In 36 breast carcinomas, DNA histograms derived from the edge of an invasive primary tumor were compared with those of a second area in the invasive tumor (n = 10) or of corresponding in situ (n = 22) and/or (nodal) metastatic (n = 6) components using image cytophotometry on formalin-fixed, paraffin-embedded sections. DNA aneuploidy (defined by comparison with diploid host stroma cells) was identified in the invasive areas of 26/36 (72%), the noninvasive foci of 16/22 (73%) and the metastases of 5/6 (83%). Ploidy status of different areas of invasive tumor were concordant in all (10/10) cases; however, the in situ and invasive areas exhibited different DNA content determinations in 5/22 (23%), and metastases differed from the primary neoplasm in 3/6 (50%). Moreover, clonal DNA content heterogeneity, defined as the presence of more than one discrete G0/G1 population, was observed in 20/36 (56%) tumors examined. Clonal heterogeneity was generally manifest as bimodal DNA histograms in one (n = 11) or both (n = 4) components of a tumor. Also, most DNA histogram heterogeneity was due to the presence of diploid range (n = 11) or near-tetraploid (n = 6) neoplastic populations accompanying DNA aneuploid clones. The remaining heterogeneous cases were unimodal in both components analyzed but exhibited aneuploid stemlines with different DNA indices (n = 2) or a diploid range population in one histogram and an aneuploid population in the other (n = 3). We conclude that DNA content heterogeneity is frequent in breast carcinoma and, in large part, may be accounted for by near-diploid or near-tetraploid stemlines, which are difficult to resolve from benign host elements in flow cytometric histograms.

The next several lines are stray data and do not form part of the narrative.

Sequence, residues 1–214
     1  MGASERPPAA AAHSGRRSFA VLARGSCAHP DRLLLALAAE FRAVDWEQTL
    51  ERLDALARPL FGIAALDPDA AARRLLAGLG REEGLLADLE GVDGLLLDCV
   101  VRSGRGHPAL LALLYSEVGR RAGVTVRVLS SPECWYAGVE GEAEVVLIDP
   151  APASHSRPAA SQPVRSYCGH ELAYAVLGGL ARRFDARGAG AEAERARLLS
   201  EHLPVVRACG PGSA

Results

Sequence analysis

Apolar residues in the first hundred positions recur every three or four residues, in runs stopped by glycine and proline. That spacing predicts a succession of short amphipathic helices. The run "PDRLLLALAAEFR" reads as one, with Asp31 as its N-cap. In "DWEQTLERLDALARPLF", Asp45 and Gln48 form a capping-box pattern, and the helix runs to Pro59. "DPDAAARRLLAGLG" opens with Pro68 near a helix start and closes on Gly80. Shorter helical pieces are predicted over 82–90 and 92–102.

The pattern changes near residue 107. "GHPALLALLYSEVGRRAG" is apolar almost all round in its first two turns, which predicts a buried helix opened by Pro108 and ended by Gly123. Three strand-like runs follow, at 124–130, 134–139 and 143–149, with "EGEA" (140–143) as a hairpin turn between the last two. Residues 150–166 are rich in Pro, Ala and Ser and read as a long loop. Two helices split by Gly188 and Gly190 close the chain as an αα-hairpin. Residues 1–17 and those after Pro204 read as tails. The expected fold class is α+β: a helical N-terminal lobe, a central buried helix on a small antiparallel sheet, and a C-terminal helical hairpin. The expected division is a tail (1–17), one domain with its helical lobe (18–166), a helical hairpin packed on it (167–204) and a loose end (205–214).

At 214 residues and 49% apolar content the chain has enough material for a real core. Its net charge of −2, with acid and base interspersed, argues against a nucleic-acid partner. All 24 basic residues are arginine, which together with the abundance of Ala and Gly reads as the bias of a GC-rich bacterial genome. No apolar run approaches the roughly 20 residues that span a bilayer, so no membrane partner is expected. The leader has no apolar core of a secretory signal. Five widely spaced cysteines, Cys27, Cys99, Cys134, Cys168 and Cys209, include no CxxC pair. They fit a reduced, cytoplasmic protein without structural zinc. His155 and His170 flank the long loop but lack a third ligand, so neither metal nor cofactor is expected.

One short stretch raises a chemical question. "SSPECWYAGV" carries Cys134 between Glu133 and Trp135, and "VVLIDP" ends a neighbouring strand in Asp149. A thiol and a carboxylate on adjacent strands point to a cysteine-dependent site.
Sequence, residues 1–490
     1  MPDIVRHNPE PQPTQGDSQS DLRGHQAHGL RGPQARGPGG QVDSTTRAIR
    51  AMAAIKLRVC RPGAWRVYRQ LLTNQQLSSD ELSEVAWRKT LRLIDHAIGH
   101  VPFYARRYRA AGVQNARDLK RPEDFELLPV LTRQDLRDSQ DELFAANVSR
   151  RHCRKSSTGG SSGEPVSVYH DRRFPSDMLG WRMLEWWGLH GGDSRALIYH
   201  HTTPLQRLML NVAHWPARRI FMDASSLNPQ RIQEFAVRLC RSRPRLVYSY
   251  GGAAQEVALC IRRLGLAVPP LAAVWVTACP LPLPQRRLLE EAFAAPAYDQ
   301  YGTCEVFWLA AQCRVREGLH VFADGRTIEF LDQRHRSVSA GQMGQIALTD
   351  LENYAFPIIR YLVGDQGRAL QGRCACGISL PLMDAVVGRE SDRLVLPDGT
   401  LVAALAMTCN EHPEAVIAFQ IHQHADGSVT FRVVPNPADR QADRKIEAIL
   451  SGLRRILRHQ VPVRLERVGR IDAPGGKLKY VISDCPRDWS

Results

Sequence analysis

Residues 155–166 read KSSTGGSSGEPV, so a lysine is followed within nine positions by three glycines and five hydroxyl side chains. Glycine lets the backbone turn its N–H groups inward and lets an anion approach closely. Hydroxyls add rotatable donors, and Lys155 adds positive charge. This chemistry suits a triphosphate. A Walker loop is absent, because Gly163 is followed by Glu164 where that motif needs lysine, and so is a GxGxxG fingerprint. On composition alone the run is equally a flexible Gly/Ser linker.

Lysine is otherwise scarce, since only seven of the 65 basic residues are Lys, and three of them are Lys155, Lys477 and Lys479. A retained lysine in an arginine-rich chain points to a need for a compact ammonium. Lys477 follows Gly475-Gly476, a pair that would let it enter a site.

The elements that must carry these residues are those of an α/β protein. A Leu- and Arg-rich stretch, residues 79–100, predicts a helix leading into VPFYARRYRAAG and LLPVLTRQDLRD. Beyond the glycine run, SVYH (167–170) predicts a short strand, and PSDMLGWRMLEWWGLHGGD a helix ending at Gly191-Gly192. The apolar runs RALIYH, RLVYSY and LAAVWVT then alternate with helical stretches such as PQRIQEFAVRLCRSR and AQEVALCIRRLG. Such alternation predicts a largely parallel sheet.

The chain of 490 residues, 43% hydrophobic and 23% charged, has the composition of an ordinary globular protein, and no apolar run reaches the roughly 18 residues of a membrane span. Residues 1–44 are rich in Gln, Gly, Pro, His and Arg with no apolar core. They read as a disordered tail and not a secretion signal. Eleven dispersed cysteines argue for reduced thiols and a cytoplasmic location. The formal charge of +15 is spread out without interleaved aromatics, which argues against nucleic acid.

|Original language||English (US)|
|Number of pages||7|
|Journal||Analytical and Quantitative Cytology and Histology|
|State||Published - Jan 1 1993|
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